In most societies, the elders are responsible for the initiation rites of manhood. Our separation from them has made rites of passage almost non-existent in modern cultures. This can lead to overt risk-taking as youth try to create their own unguided initiation rites. Bly uses the Iron John story to step through each of the important phases of initiation and explains the impact it can have on a man if they do not sufficiently complete the experience. In the Iron John story, Bly highlights some of these "ceremonies" as "suffering a wound," "dropping into the rat-hole/going to ashes," and "cultivating the warrior." In general, the required pattern of male initiation is:
Bonding with and separation from the mother
Bonding with and separation from the father (today, this might not happen until a man is in his 50s)
Arrival of a Mentor (also called the "masculine mother")
Apprenticeship to a hurricane energy (connecting to your wild man or warrior)
Joining with the Holy Woman or Queen

Incorrectly completed or absent initiation steps lead to unfulfilled manhood. For example, a man may tap into his "warrior" and learn to swing a broadsword at the wrong time. If he gets into an argument, he incorrectly turns his words against his "queen" by saying things meant to hurt, like "you always" or "you never." Watch how you use that weapon because the Queen has a few of her own!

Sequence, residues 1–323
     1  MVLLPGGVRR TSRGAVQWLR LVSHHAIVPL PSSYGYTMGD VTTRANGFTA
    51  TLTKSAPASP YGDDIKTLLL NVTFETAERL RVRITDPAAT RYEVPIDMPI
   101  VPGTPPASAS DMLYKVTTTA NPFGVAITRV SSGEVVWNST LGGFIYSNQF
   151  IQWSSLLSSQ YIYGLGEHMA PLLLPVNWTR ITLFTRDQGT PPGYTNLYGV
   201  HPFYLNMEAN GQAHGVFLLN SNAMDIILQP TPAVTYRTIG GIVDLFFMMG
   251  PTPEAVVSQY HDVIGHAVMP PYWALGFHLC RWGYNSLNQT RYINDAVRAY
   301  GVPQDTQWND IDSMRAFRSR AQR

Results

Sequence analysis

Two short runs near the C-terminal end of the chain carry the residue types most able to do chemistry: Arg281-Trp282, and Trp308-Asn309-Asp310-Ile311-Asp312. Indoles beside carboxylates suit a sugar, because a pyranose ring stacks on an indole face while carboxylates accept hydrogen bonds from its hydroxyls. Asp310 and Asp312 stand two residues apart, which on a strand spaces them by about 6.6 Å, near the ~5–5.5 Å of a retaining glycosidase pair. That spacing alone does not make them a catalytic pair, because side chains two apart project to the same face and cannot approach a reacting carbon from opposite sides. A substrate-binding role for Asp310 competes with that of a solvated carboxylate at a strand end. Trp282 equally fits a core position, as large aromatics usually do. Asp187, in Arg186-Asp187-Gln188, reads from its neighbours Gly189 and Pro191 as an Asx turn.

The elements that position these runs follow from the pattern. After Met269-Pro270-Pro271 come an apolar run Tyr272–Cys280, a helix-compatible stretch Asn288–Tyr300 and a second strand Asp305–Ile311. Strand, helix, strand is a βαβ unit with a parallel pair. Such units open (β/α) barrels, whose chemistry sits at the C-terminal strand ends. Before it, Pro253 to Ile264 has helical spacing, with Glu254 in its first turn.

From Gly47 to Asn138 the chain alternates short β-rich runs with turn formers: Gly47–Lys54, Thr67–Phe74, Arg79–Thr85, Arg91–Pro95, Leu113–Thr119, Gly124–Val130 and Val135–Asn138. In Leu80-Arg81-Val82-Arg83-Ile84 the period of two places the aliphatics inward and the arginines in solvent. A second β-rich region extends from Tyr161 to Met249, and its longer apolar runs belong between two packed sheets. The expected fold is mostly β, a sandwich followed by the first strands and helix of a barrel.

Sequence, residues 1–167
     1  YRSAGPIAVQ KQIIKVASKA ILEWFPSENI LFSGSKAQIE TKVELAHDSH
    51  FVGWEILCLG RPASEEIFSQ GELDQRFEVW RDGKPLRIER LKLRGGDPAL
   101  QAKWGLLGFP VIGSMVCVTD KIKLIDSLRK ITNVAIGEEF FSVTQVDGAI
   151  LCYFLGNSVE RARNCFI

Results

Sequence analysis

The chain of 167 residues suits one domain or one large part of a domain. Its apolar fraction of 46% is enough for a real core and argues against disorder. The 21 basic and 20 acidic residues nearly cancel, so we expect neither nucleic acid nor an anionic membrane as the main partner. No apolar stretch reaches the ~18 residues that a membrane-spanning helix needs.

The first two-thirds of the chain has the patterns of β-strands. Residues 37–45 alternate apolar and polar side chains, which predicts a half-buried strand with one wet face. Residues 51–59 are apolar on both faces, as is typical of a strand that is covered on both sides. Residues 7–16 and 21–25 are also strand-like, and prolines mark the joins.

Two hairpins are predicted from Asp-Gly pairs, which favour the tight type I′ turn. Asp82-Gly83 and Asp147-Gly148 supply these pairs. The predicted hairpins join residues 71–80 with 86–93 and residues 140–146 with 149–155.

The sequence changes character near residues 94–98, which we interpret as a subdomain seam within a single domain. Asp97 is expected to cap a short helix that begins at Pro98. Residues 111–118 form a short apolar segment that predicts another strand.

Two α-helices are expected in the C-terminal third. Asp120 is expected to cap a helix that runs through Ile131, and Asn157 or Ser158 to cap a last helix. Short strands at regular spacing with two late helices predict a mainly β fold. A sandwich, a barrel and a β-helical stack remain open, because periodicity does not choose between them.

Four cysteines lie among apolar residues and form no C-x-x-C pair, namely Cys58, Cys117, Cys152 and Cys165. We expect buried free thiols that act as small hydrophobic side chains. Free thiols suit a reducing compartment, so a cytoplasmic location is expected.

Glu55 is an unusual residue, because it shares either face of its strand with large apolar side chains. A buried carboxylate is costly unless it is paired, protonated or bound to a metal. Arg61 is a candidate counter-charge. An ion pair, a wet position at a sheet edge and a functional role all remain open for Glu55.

A man's psyche is composed of the King, Warrior, Lover, Wildman, Trickster, Magician and Grief Man. A man is the totality of these parts and aspects left uncultivated through initiation leaves him incomplete. One example is that a man unseparated from his mother cannot fully develop his King (sense of self and purpose) nor partner fully with his Queen (for obvious reasons.)

One really interesting point was brought up about the prevalence of the red/white/black sequence in writing. In Iron John, it's three different horses presented to the main character. In Snow White, the Queen says "I want a child as white as snow, as red as blood, and as black as this window frame." I never appreciated how often this appears in stories but it conveys a similar meaning; separation (birth,) wound or trial and move to ashes (life,) and full realization into adulthood (death of the child form.) We all have to go through the full cycle.

When I first picked up the book, I thought it was going to be a lot of metaphysical woo-woo. However, I found it to be an insightful look into male psychology as shown through myths written across time. ( )
  pmtracy | Dec 17, 2019 |
Upped my decades old rating by half a point (0.5)

I was probably just shy of 50 when I first read the book. The re-read was well worth it. One might observe Bly anticipated the #metoo moment. His describes of the decline of both men's and women's lives as a direct result of the industrial revolution, the proximate cause. The "modern" origins he dates to the 11th C, when story-telling killed off the "Wild Man". Other reviewers will/have related the binding thread of the myth/legend/story of Iron John, and its appearance in cultures around the world. It's universal.